City Council, which has been enthusiastic about filling the former Quarter Barrel Brewery + Pub building with a new restaurant and micro-brewery so there can be rooftop dining, will not object to the state granting a liquor permit to Fretboard Brewing & Public House.
Nobody on council raised a concern with the state permit for LGHG Public House LLC at 103 Main St., which will allow it to sell beer and liquor every day except Sunday. Restaurant officials have said they hope to open this month, with a grand opening for the general public Dec. 2. They plan to seek a vote in March that would allow sales on Sundays as well.
Council also unanimously voted to sell road salt to the Hamilton City School District for $88 per ton, the same price the city paid for the salt.
“There will be no fiscal impact to the City because the sale of road salt will be equal to the city’s purchase price and loading costs,” and noted the city has excess storage space for the salt,” said Public Works Director Jim Williams.
The city has been selling salt to the schools since the 2014-15 winter season.
Officials also unanimously approved conditional use for EROP LLC to operate an automated car wash at 1100 S. Erie Blvd.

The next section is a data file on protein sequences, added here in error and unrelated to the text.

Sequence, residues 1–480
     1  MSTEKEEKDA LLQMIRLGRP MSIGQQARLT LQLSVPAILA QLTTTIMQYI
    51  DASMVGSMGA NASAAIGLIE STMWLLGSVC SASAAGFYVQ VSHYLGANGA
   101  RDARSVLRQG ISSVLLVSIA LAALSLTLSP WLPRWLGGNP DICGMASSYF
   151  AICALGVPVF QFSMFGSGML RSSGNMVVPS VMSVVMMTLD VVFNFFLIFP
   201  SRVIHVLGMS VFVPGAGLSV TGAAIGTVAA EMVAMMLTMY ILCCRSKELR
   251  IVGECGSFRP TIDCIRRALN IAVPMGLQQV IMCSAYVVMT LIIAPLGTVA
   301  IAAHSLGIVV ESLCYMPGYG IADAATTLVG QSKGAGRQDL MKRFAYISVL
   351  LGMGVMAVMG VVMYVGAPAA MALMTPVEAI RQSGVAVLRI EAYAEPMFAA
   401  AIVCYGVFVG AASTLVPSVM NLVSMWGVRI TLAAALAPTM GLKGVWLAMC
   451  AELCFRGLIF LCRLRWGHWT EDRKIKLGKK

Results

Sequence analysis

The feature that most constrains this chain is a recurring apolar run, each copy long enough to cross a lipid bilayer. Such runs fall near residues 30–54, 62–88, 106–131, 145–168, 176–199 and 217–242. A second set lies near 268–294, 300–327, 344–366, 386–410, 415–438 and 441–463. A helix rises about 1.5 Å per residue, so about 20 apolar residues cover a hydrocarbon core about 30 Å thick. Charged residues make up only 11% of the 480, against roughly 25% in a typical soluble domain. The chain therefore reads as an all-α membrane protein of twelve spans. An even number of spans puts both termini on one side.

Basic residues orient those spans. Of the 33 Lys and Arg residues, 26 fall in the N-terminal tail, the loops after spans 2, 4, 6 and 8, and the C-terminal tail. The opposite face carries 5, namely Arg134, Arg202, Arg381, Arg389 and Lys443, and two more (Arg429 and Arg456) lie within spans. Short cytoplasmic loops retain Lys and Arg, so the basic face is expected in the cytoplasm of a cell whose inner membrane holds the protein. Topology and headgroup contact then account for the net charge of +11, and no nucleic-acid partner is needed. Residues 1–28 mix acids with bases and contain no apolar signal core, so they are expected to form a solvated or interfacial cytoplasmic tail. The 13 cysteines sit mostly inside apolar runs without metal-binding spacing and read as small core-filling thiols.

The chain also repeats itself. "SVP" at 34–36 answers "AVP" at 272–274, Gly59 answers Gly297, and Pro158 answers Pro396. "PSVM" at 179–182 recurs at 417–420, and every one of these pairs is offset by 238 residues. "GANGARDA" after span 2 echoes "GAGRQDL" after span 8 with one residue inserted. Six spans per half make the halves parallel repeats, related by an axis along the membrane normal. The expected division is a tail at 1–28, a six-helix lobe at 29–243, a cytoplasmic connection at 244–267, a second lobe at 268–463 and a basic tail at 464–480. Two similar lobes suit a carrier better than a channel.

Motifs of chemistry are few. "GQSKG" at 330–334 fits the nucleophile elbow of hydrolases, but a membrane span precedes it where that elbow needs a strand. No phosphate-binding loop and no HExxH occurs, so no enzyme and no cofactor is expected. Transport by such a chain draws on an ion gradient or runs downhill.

Council held the first of two readings of an ordinance intended to clamp down on unsolicited materials that are left on driveways across the city. Officials said when homeowners don’t pick up the materials, which frequently happens when properties are vacant, the unsolicited written materials can cause litter, can clog storm drains and can be an indication to criminals that a property is empty.
The legislation would require the materials be dropped off on a porch, if one exists, nearest to the front door; left attached to the front door; dropped through a mail slot or in a distribution box; put on a hook designated for such deliveries; or handed to the property’s owner or occupant.
Such materials could not be left on a property where a sign states, “No Solicitors.” Violators would face minor-misdemeanor charges for first offenses, and third-degree misdemeanors for repeat offenses.
The council invited its two newly elected members — who won’t join the panel until January — to join it in executive session to discuss a possible purchase of property and also some sensitive information involving a company that may receive assistance from the city. Eric Pohlman and Susan Vaughn, who were elected on Tuesday, went behind closed doors with the rest at the end of the public portion of the meeting, to get a head start on their city service.
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